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Our Band Could Be Your Life

Scenes from the American Indie Underground, 1981-1991
Length: 21 hrs and 6 mins
5 out of 5 stars (12 ratings)

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Publisher's Summary

This is the never-before-told story of the musical revolution that happened right under the nose of the Reagan 80s - when a small but sprawling network of bands, labels, fanzines, radio stations, and other subversives reenergized American rock with punk rock's do-it-yourself credo and created music that was deeply personal, often brilliant, always challenging, and immensely influential. This sweeping chronicle of music, politics, drugs, fear, loathing, and faith has been recognized as an indie rock classic in its own right. 

Among the bands profiled: Mission of Burma, Butthole Surfers, the Minutemen, Sonic Youth, Black Flag, Big Black, Hüsker Dü, Fugazi, Minor Threat, Mudhoney, the Replacements, Beat Happening, and Dinosaur Jr.

©2012 Michael Azerrad (P)2019 Hachette Audio

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Serious as a heart attack!

This is one of my favorite books, so it's a real treat to finally have it in my Audible library. As we move closer to total global corporate domination, it's never felt more relevant or refreshing to delve into the worlds of these creative misfits following their passion, doing it all on their own, and making shit up as they go along. The bands covered (Black Flag, The Minutemen, Mission of Burma, Minor Threat, Husker Du, The Replacements, Sonic Youth, Butthole Surfers, Big Black, Dinosaur Jr, Fugazi, Mudhoney, and Beat Happening each get a chapter) range from capital-G *Great* (Fugazi, 'Mats) to capital I *Influential* (Surfers, Mudhoney), and many are deserving of full-length chronicles in their own right. Until then, Azerrad's book remains an indispensable inside look at some of the best bands that most people have never heard of. (It would have been super cool if snippets of each band's music could have been included in their respective chapters, but I suppose that would have been a copyright nightmare.) You'll fall in love with D. Boon and Mike Watt, become enamored of Ian MacKaye's uncompromising attitude, and have a hard time deciding whether you hate J. Mascis or Lou Barlow more. Mostly, though, you'll be inspired to rediscover some tremendous music and appreciate it all over again with a better understanding of the lives and circumstances from which it emerged.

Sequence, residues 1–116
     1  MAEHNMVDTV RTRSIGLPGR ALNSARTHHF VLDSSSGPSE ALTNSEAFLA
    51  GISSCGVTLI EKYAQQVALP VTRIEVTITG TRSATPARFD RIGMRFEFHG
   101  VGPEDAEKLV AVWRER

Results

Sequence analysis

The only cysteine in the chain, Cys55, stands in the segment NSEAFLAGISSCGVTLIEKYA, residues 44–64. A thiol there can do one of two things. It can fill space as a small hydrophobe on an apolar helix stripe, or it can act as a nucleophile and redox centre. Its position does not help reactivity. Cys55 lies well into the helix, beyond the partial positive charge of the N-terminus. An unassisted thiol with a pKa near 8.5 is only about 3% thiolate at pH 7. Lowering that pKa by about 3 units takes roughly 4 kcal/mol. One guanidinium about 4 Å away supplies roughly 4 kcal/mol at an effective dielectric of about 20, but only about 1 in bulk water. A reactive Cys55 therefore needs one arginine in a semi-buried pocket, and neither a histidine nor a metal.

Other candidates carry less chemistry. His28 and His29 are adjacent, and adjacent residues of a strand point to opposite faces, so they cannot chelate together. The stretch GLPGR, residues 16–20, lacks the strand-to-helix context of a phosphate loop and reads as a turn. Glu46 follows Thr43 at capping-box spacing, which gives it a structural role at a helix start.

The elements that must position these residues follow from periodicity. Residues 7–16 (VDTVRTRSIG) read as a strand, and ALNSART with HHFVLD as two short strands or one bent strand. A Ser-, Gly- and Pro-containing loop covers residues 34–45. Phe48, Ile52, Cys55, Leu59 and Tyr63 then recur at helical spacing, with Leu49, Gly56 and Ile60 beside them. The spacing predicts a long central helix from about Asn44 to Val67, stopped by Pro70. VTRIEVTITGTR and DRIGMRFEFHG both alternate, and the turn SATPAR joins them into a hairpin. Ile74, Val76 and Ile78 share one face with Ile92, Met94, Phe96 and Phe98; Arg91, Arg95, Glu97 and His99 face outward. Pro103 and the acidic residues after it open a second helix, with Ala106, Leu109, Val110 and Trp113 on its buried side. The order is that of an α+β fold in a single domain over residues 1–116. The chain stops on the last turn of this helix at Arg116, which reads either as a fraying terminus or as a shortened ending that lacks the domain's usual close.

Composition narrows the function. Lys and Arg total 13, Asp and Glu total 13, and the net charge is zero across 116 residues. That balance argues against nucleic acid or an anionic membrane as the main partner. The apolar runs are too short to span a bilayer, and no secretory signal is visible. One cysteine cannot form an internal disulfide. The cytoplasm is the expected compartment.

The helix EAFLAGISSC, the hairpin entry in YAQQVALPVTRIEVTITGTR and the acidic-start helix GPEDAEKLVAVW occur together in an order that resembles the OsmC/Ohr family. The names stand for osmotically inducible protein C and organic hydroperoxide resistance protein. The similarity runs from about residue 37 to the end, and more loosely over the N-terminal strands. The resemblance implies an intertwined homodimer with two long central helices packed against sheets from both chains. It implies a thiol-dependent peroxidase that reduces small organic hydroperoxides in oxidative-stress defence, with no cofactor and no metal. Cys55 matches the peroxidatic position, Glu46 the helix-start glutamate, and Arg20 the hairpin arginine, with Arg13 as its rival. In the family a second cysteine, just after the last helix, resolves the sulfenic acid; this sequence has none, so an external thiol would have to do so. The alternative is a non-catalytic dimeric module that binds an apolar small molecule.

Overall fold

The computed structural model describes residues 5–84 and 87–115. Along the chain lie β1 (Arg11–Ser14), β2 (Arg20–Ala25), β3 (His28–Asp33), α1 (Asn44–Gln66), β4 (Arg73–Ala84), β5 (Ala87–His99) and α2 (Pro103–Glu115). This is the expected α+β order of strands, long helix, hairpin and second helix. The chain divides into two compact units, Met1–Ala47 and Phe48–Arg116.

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Essential

This book blasted open a door I had only ducked my head through. The audiobook adds a layer of accessibility that makes it all that much more powerful. I can't to relisten. The chapters on The Butthole Surfers, Big Black, The Minutemen, and The Replacements are life-changing.